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Arbitration: This is a way to settle your case and get you money without having to go to court. It’s like a mini-trial, but it is much quicker and less expensive. A retired judge or experienced attorney, known as the arbitrator, will act like the judge and decide how much money to award you for your injuries after each side puts on evidence and explains their case.

Complaint: This is just another term for lawsuit. This is the document that has to be filed in court and served on the person or business who harmed you. This document explains how you were injured and who injured you.

Defendant: This is the person or company who harmed you, the one who is being sued. They are defending themselves against the lawsuit.

Deposition: This is an in-person meeting, very much like a question-and-answer session, with the attorney for the insurance company. A court reporter will type everything you say and everything is asked. It is the opportunity for the lawyer to General damages: This is another term for pain and suffering. It’s an amount of money that is meant to make you whole for the pain, suffering, and discomfort you felt because of your injuries.

Interrogatories and Requests for Production: These are requests that you must answer under oath that are sent by the insurance company. They are questions about you and your injuries and requests for documents such as medical records and tax returns. You and your lawyer can send these to the person or company who harmed you as well. You typically have 30 days to answer these questions and return them to the lawyers for the insurance company.

Jury foreman: In every trial, the jury has to pick one person to speak for the jury, to say out loud to the courtroom what amount of money they decided to award, if any. This is just another word for jury leader or jury spokesperson.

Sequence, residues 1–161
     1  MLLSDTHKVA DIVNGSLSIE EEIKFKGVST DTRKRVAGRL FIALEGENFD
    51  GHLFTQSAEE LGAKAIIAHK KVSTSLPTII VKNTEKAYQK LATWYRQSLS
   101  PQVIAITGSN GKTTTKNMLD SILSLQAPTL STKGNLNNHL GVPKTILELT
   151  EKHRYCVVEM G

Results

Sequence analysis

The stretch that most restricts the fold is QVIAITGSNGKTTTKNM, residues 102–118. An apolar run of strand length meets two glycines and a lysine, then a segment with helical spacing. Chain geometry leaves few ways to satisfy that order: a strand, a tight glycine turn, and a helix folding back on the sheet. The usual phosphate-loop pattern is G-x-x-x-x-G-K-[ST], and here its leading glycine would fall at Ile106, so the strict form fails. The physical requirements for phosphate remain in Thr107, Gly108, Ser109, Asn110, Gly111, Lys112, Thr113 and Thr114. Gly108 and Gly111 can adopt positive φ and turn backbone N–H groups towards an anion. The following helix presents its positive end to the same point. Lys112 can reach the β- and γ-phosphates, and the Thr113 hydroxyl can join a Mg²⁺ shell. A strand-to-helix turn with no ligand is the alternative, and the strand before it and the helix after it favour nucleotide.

Loss of Consortium: This is an amount of money to compensate your spouse for the loss of your relationship, such as lack of a sexual relationship, because of your injuries.

Mediation: Mediation is a way to settle your case that doesn’t involve going to trial. The mediator is normally a retired judge or experienced attorney who will host you and your attorney and the insurance company at their office and make suggestions on how much your case is worth. The mediator cannot force you to settle your case.

Motion: A legal document you or your attorney will file asking the judge to do something in your case.

Motion for Summary Judgment: This is a motion that asks the judge to decide an issue on your case. For example, the motion could be used to end your case entirely.

Pain and Suffering: This is an amount of money you should receive for the pain and discomfort you went through because of the accident, also known as general damages.

PIP: This stands for Personal Injury Protection. This is car insurance that pays your medical bills. This is your own car insurance. They will ask to be repaid a portion of the bills they paid.

Plaintiff: This is the person who files or brings the lawsuit.

Statute of Limitations: This is the time period you have to bring a lawsuit. Normally, it is only two or three years. This means from the date of your accident, you have two years to file the case in court. It doesn’t mean the case has to be completed in two years. It just means it has to be filed in court.

Subpoena: This is a legal request to get some kind of document. Subrogation: This is the repayment of medical bills to a health or car insurance company.

UIM: This stands for Uninsured or Underinsured Motorist Coverage. This is a kind of car insurance that you purchase to protect you in case you were hit by someone who either was driving without insurance or very little insurance. By having UIM insurance, you can make a claim against your insurance company to get money for your injuries.

With and Without Prejudice: This is a term to decide whether you can bring your case again. If for some your case is dismissed with prejudice, this means you cannot bring your case again. If your case is dismissed without prejudice, it means you can file your case again. To be clear, if your case is final because you won money or received a settlement, you cannot bring your claim again.